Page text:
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Seafood exports sell poorly in domestic market

Last update: 08:00 | 20/12/2018

VietNamNet Bridge - Many seafood companies’ products, which can satisfy high standards to enter the US, EU and Japan, cannot be sold in the domestic market because of technical barriers.


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Seafood sells poorly in domestic market




The Vietnam Association of Seafood Exporters and Producers (VASEP) has once again sent a dispatch to the Government Office and Ministry of Health, asking the agencies to instruct the inter-ministerial steering committee on food safety to immediately promulgate MRPL (minimum required performance limit) on substances prohibited in seafood. 

VASEP’s member companies want the regulation to go into effect soon, so they can plan the 2019 Tet production season.

In fact, seafood companies have repeatedly complained about this since the beginning of the year. 

The problem arose when some supermarkets rejected seafood consignments containing chloramphenicol (CAP), a prohibited substance in aquaculture. The content of CAP in these products was low, below 0.3 ppb, meeting standards to be exported to the EU.

An expert explained that MRPL is the minimum requirement for testing tabs to apply. Food with a very small content of prohibited residue is safe for users.

He went on to comment that it’s funny that the products satisfying the EU’s strict standards cannot be accepted in Vietnam. This means that requirements of the Vietnamese market is even higher than the difficult-to-please EU market.

MARD has asked the inter-ministerial steering committee on food safety to assign the Ministry of Health or other ministries to compile and promulgate the regulation on MRPL with reference to the EU regulation.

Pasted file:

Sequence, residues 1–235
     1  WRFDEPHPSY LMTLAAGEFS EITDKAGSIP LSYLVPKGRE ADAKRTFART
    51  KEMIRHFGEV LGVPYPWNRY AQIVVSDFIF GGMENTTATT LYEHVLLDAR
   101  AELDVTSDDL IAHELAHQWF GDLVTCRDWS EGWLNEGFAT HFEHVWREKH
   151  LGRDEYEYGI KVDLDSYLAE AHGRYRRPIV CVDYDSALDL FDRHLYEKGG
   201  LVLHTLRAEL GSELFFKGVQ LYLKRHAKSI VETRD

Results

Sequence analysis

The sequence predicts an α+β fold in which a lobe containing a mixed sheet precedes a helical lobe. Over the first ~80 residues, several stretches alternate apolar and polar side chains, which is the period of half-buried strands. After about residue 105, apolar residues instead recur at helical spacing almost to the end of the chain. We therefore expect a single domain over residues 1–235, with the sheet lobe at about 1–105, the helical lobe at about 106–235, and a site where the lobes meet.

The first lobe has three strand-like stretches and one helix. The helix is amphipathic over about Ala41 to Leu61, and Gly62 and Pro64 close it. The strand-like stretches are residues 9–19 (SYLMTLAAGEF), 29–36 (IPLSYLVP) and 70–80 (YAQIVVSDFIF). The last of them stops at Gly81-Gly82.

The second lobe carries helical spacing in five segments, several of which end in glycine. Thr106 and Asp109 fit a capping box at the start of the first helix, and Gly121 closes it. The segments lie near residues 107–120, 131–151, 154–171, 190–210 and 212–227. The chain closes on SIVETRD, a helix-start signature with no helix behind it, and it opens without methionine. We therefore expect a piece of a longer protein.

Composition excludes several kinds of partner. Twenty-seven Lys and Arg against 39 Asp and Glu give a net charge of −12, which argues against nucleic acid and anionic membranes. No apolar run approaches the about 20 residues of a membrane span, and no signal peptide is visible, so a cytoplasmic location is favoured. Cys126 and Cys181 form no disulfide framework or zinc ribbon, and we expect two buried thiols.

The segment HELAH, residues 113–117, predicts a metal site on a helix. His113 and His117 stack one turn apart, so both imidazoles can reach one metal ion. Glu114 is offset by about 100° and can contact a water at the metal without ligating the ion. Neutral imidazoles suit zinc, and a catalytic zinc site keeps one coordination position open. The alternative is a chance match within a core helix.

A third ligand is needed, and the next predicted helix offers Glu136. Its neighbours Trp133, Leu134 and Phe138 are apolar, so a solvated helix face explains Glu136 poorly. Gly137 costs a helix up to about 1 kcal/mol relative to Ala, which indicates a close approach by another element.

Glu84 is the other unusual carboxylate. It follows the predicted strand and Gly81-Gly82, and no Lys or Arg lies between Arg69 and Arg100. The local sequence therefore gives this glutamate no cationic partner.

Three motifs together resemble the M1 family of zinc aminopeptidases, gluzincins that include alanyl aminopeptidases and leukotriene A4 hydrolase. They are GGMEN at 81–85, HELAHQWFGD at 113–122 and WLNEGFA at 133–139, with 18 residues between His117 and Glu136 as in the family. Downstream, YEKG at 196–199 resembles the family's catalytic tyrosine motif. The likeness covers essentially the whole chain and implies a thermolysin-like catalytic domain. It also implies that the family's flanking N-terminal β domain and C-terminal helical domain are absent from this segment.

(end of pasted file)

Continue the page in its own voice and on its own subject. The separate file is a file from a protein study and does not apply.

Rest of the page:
According to the Ministry of Agriculture and Rural Development (MARD), the EU is the only market which sets an MRPL threshold. If the tests find the prohibited substance content in products below the MRPL, the products will still be accepted as food. In food safety management, this is just a small mistake.

MARD has asked the inter-ministerial steering committee on food safety to assign the Ministry of Health or other ministries to compile and promulgate the regulation on MRPL with reference to the EU regulation.

Nguyen Van Dao, general director of Godaco, a catfish exporter in Ben Tre province, complained that it is difficult to exploit the domestic market because of too complicated procedures.

Dao said Vietnam’s seafood processing industry now has modern production level with factories meeting the standards set by choosy markets. 

He noted that foreign and domestic retailers apply different procedures to supervise the quality of products. While foreign supermarkets send staff to enterprises to examine the production process, Vietnamese supermarkets only ask to show certificates.

Meanwhile, enterprises have to follow very complicated procedures to obtain necessary certificates. It took Godaco two years to successfully bring its products to Vietnamese supermarkets for distribution.

To sell products in the domestic market, analysts say, seafood processors also have to develop the products suited to Vietnamese tastes and market conditions. In addition, they also have to spend big money on ads, which they don’t have to do with their exports.


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Mai Chi

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